210g mango pulp, mashed (fresh or canned)
Zest of 1 lemon and juice of 1/2 lemon

1/ Preheat the oven to 180deg C (160deg C fan oven). Grease and base line a medium sized cake tin.

2/ Sift together the flour, baking powder and spices into a large bowl, stir in the sugar. Make a well in the centre and add the eggs, oil, vanilla extract, rind and juice of lemon then stir until smooth. Add the mango pulp and stir in well.

3/ Spoon the batter into the cake tin and bake in the centre of the oven for 40-50 minutes until a metal skewer comes out clean from the centre of the cake.  Leave to cool for about 10 minutes before turning out onto a wire rack to cool.

4/ Lightly dust the top of the cake with icing sugar.

4 Dec 2014

On the Top of the Shard, a game with a view

I was recently invited to the launch of the new Monopoly installation at The View From The Shard, on the 69th of the highest building in Western Europe, which offers a 360 degre view over London.
I had never been on top of the Shard, so I was bursting with enthusiasm. Unfortunately, the weather was not great but the view was no less then impressive. From there, one can see most of London's trademarks : London Eye, The Tower of London, The Gerkin, HMS Belfast, Tower Bridge, etc.
The giant Monopoly installation is a nice additional feature to what's already an amazing experience!


28 Nov 2014

A taste of Autumn: Orange and Pumpkin Cake

A few months ago, I announced proudly that I had moved in with The Man.
So picture me (in full-on lovey-dovey mode) with a ton of girl stuff, including 30 pairs of shoes and a container of baking equipment, invading a one bedroom flat.
The Man invested in storage units, I got rid of all the clothes I hadn't worn in 3 years (and was keeping "just in case"), and I said "bye for now" to my enormous ice-cream maker and baking robot which moved to the attic.

9 months later though, a third of my stuff is still in boxes. The single book shelf that is mine has been invaded by his latest buys, and I sometimes wish I could storm out to another room (which wouldn't have to be the bathroom) when I get angry with him (would that be the honeymoon phase coming to an end? Yeah, maybe there's a little bit of that too).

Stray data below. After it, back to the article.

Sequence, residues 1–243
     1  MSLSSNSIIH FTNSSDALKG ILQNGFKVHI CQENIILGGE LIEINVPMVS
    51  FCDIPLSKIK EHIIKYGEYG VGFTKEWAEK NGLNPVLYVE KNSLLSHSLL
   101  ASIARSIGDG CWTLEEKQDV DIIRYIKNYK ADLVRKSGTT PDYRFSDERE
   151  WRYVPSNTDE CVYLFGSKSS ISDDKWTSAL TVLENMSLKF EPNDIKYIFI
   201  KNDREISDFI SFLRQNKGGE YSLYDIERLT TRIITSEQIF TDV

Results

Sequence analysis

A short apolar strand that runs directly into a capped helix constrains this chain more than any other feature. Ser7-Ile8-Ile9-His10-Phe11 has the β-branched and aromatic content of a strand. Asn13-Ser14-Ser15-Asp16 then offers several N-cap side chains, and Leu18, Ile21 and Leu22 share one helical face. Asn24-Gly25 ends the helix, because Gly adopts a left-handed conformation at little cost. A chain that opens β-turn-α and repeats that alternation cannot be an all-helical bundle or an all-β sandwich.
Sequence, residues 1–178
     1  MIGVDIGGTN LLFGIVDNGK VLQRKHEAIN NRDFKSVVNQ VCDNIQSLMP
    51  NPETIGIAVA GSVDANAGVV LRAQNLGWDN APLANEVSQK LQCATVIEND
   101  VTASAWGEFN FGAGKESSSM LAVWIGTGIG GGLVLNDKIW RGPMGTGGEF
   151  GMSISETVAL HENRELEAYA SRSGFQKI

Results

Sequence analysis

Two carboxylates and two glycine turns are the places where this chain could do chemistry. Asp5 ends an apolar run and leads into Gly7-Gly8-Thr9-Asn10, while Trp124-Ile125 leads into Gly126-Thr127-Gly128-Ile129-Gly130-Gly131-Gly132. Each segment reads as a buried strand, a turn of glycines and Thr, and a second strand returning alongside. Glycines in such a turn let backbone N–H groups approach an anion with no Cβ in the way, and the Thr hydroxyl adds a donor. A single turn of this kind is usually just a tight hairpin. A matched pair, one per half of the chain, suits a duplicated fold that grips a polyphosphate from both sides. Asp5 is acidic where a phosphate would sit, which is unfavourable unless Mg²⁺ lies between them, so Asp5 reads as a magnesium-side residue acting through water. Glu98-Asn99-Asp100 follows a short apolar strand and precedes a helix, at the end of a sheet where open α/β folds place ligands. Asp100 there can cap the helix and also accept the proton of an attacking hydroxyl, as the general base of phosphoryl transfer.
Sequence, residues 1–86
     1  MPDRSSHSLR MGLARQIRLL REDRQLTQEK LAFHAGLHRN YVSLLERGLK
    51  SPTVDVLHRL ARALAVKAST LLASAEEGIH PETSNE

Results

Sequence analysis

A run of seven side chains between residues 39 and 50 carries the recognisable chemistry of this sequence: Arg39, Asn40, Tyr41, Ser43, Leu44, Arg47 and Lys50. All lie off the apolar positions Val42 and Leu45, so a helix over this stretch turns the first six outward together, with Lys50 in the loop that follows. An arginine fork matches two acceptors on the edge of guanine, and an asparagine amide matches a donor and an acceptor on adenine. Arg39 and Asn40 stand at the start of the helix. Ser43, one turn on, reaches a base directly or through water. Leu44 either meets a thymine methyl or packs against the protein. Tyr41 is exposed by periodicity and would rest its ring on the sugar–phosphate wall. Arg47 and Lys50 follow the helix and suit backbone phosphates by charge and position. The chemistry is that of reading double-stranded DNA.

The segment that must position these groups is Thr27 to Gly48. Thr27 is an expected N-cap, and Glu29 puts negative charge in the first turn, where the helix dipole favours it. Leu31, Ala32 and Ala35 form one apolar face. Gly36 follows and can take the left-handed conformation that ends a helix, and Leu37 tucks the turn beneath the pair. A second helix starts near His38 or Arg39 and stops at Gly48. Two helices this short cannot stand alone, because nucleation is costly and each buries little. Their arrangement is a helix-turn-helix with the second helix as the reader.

We've come to the difficult conclusion that this can't go on any longer. 
So we're buying a bigger house. 

Orange and butternut squash cake

This is one of the best sponges I've ever made. As often in cakes made with vegetables, this cake doesn't taste strongly of pumpkin, but is full of its smooth consistency and moisture. Orange and pumpkin are a match made in sponge heaven.
With its lovely colour and autumnal spices, it's a perfect seasonal cake!


225 grams self-raising flour
1 ½ teaspoons baking powder
1 tablespoon of mixed spice: I used cinnamon, nutmeg and turmeric
1 teaspoon ground ginger
175 grams golden caster sugar
3 large eggs (beaten)
200 ml sunflower oil
225 grams butternut squash/pumpkin purée (canned purée is fine)
1 orange (juice and peel)


1/ Preheat the oven to 180deg C (160deg C fan oven). Grease and base line a medium sized cake tin.

2/ Sift together the flour, baking powder and spices into a large bowl, stir in the sugar. Make a well in the centre and add the eggs, oil, extract, rind and juice then stir until smooth. Add the puree and stir in well.

3/ Spoon the batter into the cake tin and bake in the centre of the oven for 45-55 minutes until a metal skewer comes out clean from the centre of the cake.  Leave to cool for about 10 minutes before turning out onto a wire rack to cool.

4/ Lightly dust the top of the cake with icing sugar.

Recipe adapted from Nigella Lawson's orange and butternut squash cake recipe

21 Nov 2014

Peanut Butter and Chocolate Cheesecake Tartlets

Greek yoghurt? I love it. It's thick, creamy, with that lovely acidity that lifts it up. 

In the UK, one of my favourite brands of Greek yoghurt is Fage Total Greek Yoghurt, and in particular the Fat free 0% Greek yoghurt, which has a texture very close to the full fat version, without the fat. (I sometimes find that fat free yoghurts are too acidic or too runny)
Although I kind of knew that you can cook / bake many thinks with yoghurt, I used to just eat it for breakfast with cereals or for pudding with fruits and a drizzle of honey. I guess I just lacked inspiration.

When I just came back from Greece, with the delicious taste of local Greek yoghurts still on my tongue and my mind full of new Greek recipes, and I got invited to the launch of the Total Greek Yoghurt recipe book, I saw it as a sign of the Greek gods themselves.

Sophie Michell revisits some Greek classics like pastichio and experiments with desserts, sauces and dips, using Greek yoghurt in many different ways.
I tested for you the peanut butter and chocolate tartlets recipe from the book, in which I swapped the full fat yoghurt with my usual fat free one. It's very easy to make, looks cool, and tastes very nice!